Some useful relations 92

AR model of sinusoidal processes 94

1.11 Guide to the bibliography 95

Bibliography 95

Appendixes 97

1.A Multirate systems 98

1.A.1 Fundamentals 98

1.A.2 Decimation 100

1.A.3 Interpolation 102

1.A.4 Decimator filter 104

1.A.5 Interpolator filter 105

1.A.6 Rate conversion 108

1.A.7 Time interpolation 109

Linear interpolation 110

Quadratic interpolation 112

1.A.8 The noble identities 112

1.A.9 The polyphase representation 113

Efficient implementations 114

1.B Generation of a complex Gaussian noise 121

1.C Pseudo-noise sequences 122

Maximal-length 122

CAZAC 124

Gold 125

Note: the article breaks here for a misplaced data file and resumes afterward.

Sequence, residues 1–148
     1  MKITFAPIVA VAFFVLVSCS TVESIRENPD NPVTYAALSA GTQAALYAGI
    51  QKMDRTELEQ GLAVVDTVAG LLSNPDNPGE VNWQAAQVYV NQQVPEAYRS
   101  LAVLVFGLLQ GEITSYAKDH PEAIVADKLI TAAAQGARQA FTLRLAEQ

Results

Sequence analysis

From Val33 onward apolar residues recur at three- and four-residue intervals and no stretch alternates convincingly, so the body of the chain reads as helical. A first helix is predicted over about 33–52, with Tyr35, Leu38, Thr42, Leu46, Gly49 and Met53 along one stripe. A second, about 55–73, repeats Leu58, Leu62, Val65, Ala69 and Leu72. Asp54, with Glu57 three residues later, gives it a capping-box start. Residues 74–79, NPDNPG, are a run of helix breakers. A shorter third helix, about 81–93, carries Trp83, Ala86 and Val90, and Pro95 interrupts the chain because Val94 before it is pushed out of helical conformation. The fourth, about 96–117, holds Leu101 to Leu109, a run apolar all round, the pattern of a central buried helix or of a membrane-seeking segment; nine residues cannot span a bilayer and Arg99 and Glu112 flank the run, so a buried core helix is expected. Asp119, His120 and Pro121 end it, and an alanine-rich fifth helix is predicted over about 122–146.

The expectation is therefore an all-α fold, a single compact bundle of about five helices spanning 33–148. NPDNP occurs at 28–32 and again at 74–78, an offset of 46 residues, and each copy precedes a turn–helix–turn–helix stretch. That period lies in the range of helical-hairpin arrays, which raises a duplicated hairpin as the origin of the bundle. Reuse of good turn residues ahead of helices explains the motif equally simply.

2 The Wiener filter 129

2.1 The Wiener filter 129

Matrix formulation 130

Optimum filter design 132

The principle of orthogonality 134

Expression of the minimum mean-square error 135

Characterization of the cost function surface 136

The Wiener filter in the z-domain 137

2.2 Linear prediction 140

Forward linear predictor 141

Optimum predictor coefficients 141

Forward prediction error filter 142

Relation between linear prediction and AR models 143

First and second order solutions 144

2.3 The least squares method 145

Data windowing 146

Matrix formulation 146

Correlation matrix 147

Determination of the optimum filter coefficients 147

2.3.1 The principle of orthogonality 148

Minimum cost function 149

The normal equation using the data matrix 149

Geometric interpretation: the projection operator 150

2.3.2 Solutions to the LS problem 151

Singular value decomposition 152

Minimum norm solution 154

2.4 The estimation problem 155